Solar power travel gear reviews

One thing I seek as a Nomad is the sunshine, and with sunshine comes energy, limitless energy.

I sit at home now with my Powermonkey solar cell sitting in my window charging up my mobile device, cool eh! It’s actually charging it pretty fast too!

Oh how I wish such portable energy sources were available back in 2005.

The Powermonkey explorer was actually a birthday present from a great group of friends of mine, who obviously know me pretty well. The other part of the Powermonkey is the main charger that is a small unti with a tail (lead) that can store about enough power to charge an iphone 3 times.

The main unit can be charged by solar or from mains electricity. Charging it up by solar does take a lot longer but that’s to be expected with such a small solar cell.

The great thing is that the solar cell is easily attachable to your backpack and you could run a small cable into one of the pockets where your mobile phone or charger is. I am planning on doing the Camino Frances in Spain during late August and the solar cell will be providing my camera and phone with energy direct from the Spanish sun!

If you would like more details and where to buy the powermonkey then check out the link below.

PowerTraveller Explorer Solar Power Charger Device 

Four global hot-spots for real estate investment

The world has experienced a huge property bubble and in many cases this house price inflation has eased or in some cases crashed. If you have money to invest then real estate is still a great bet compared to other asset classes such as gold or stocks.

As a global citizen owning property can enhance your passive income and add further security for your advanced years but you must be careful where you choose.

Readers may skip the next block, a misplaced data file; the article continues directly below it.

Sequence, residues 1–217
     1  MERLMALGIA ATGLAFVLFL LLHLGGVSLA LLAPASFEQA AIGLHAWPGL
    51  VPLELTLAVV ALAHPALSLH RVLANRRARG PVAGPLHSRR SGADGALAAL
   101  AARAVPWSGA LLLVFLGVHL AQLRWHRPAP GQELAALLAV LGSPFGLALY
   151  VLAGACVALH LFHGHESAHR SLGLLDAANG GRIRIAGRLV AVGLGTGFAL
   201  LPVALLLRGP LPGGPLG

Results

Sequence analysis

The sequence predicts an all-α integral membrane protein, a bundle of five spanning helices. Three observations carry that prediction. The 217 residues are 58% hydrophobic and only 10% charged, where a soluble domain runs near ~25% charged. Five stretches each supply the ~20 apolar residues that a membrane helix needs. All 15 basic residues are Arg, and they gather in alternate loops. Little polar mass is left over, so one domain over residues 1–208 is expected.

To invest in countries like the UK, Australia, France you would be completely nuts as rental yields are generally under 5% and any income will be swallowed up by fees, maintenance and voids.

I am no expert but those that are suggest a minimum of 7% yield. My top four global hotspots are all up around 10%.

1. Indonesia (Southeast Asia)

Indonesia, the giant of SE Asia comes in at a nice 10% rental yield. This huge country of a thousand plus islands is well placed to succeed in the new world order, being placed well for India, China and Australia.

Indonesia, the largest Muslim country, is also a huge holiday vacation destination for people around the world.

Jakarta can offer yields up to 13% but ownership is not straight forward and one should approach Indonesia with a lot of research before diving in. Bali is also a good option as it has a well established expat scene.

2. Moldova (Europe)

Moldova is a small country with high rental yields. The capital, Chisinau, has very steady prices and offers up to a huge 13% yield on small apartments which is better than anywhere else in Europe!

If Moldova ever becomes EU members then there is the real possibility of capital growth too in the future.

3. Jordon (Middle East)

Apartments in Amman are good, at around 7.5% – 10%, with the expectation that this will grow along with the economy of the country.

There are some minor buying issues with Jordon but this is out-weighed by the low taxes available.

4. Jamaica (Americas)

Yields remain very strong, especially on apartments in Kngston, the capital. The year round sunny tropical climate also makes it a good bet for investment.

There are a couple of downsides to Jamaica with security and taxes being an issue so it would be quite a risky venture but with yields up and around %10 then it might just be worth.

If visiting any of the above locations then you should be looking at cheap airline tickets to keep your expenses down.

Perfect ingredients for a coffice

Working in Kuala Lumpur, Malaysia, back in the early days of 2006

The ‘Coffice’ is where a digital nomad might go to work. It’s a marriage of coffee and office that’s becoming a well used term in digital nomad circles and was first coined by the website